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Children’s Hopes of Presenting Letters to Reagan and Gorbachev Dashed

December 9, 1987 GMT

WASHINGTON (AP) _ Dozens of children hoping to present letters of peace to President Reagan and Soviet leader Mikhail S. Gorbachev received word from the White House Wednesday that such a meeting was unlikely.

Eleven children from the United States, Poland, Finland, West Germany, Japan, Afghanistan and Switzerland met for nearly an hour at the Old Executive Office Building with the White House’s Linus Kojelis.

The children had asked to meet with the superpower leaders to present 1,000 of 230,000 letters written in the past two years by children from 31 countries. Christo, the artist known for wrapping large buildings and bridges, had wrapped the 1,000 letters for the children.


Kojelis indicated that Reagan and Gorbachev’s busy schedule would not permit a meeting, said one of the children.

″We wanted to meet with Reagan and Gorbachev, but with their schedule it’s not possible,″ said Ben Black, 15, of Washington. ″There are so many other groups that want to see them.″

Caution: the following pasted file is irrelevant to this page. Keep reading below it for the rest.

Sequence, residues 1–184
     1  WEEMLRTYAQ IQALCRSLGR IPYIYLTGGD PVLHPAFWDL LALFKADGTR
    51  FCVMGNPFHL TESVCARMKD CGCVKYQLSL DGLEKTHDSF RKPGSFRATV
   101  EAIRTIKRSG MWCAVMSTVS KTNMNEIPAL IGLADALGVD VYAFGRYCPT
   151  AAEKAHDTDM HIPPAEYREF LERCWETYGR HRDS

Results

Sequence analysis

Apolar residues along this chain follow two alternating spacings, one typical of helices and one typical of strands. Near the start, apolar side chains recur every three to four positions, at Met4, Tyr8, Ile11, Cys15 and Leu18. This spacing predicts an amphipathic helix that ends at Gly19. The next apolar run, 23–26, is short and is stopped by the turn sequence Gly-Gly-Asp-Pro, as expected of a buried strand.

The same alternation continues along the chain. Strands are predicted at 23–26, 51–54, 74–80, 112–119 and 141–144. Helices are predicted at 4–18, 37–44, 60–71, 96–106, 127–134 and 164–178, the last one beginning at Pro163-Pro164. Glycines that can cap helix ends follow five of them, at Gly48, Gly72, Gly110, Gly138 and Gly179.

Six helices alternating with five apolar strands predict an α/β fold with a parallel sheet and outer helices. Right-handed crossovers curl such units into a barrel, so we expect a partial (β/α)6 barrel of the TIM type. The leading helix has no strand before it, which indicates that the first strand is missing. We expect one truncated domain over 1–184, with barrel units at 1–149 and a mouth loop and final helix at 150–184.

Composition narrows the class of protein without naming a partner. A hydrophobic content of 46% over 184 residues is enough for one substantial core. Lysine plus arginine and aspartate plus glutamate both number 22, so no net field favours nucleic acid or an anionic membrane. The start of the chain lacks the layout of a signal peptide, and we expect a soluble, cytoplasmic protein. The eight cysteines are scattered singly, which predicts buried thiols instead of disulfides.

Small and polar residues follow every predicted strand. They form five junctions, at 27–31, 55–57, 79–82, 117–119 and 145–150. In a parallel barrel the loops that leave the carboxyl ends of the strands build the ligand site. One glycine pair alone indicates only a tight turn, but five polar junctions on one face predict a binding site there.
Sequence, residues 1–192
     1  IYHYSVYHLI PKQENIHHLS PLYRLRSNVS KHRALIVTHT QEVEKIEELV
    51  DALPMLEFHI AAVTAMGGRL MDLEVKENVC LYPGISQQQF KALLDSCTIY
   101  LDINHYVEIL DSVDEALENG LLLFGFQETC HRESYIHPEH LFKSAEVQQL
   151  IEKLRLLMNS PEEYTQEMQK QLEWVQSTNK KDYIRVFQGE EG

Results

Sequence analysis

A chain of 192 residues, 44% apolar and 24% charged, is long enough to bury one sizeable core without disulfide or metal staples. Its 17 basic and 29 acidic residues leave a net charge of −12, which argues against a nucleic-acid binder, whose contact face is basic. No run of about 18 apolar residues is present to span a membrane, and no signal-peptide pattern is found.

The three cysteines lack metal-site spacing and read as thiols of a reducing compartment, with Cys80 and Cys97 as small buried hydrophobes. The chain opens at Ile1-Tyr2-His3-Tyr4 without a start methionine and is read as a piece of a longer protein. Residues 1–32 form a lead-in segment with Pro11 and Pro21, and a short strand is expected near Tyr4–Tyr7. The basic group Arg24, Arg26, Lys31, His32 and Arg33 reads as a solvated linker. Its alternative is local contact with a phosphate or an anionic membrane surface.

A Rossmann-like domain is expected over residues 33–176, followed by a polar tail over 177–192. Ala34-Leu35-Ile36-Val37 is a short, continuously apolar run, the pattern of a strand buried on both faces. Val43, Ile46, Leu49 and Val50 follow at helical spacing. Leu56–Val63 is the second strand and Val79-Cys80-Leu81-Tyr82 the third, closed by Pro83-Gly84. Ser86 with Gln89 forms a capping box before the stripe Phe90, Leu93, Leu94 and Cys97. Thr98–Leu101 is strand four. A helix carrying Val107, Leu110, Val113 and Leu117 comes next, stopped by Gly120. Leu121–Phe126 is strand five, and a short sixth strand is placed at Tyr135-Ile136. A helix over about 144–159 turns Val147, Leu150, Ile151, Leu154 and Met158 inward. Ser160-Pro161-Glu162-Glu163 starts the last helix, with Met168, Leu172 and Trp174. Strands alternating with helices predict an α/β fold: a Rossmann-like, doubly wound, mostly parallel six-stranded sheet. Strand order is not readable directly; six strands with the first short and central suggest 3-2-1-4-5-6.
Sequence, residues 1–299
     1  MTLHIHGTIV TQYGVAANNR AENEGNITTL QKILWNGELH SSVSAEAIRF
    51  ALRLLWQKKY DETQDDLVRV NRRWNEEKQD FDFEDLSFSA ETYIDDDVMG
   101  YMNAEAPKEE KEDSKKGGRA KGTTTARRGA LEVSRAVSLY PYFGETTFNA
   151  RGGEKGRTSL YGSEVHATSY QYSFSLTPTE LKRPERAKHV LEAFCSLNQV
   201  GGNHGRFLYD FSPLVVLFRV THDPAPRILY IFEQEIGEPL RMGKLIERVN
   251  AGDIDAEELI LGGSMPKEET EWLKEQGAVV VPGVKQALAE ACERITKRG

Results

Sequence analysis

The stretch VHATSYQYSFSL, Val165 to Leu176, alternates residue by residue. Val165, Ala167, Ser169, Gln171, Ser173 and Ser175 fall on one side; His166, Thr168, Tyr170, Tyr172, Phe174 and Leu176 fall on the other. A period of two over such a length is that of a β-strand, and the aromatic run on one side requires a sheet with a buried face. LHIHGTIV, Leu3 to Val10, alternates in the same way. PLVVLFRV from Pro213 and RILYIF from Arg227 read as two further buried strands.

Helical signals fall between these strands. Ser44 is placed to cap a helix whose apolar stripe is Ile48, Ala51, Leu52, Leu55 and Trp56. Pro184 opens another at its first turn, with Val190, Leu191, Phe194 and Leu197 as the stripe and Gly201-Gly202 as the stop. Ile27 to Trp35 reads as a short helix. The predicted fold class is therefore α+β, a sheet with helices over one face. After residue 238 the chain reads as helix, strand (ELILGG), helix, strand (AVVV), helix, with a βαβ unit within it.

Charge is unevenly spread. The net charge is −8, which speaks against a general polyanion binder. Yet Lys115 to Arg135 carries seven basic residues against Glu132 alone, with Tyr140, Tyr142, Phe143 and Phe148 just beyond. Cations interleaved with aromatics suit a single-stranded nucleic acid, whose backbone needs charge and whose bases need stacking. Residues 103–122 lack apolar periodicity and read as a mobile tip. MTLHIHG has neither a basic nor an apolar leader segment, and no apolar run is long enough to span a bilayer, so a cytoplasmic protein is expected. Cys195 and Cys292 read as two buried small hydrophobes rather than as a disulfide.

Elsewhere, 38 children who participated in a Children’s Summit to coincide with the U.S.-Soviet summit held a multilingual news conference to deliver their message on peace.

″We want to be so old like Mr. Reagan and Mr. Gorbachev,″ said Claudia Thorun of Hamburg, West Germany.

The 13-year-old youngster, who spoke in English and translated for her German friends, stood before a handmade banner designed like a postcard. The banner asked the leaders, in English and Russian, to ″please meet us.″ It was simply signed, ″the children.″

The banner also carried a stamp for Peace Bird, the Hamburg, West Germany, group that organized the writing campaign.

In the middle of that group’s news conference, which was conducted without adult supervision, a group of Afghans brought in four children they said were wounded in fighting with the Soviet Union.

Pointing to the injured children, Amar Agbar said, ″If you do not sign contracts about this, this is going to continue going on.″

Fearful that Agbar’s statement had been too political, the children associated with Peace Bird emphasized that their efforts were for world peace, and not a question of politics.

″Reagan and Gorbachev have control of our future and we want them to do it right,″ said Black.

The children read from two of the letters, including one from Matt Lindsay of Deerfield, Mass.

″Dear President Reagan and Mr. Gorbachev, Please get to be better friends,″ said Lindsay’s letter. ″Stop making weapons. We don’t want to be in a nuclear war. All it does is kill thousands of innocent people.″

Sarah Haberman of Cleveland Heights, Ohio, wrote: ″I want a chance to live my life.″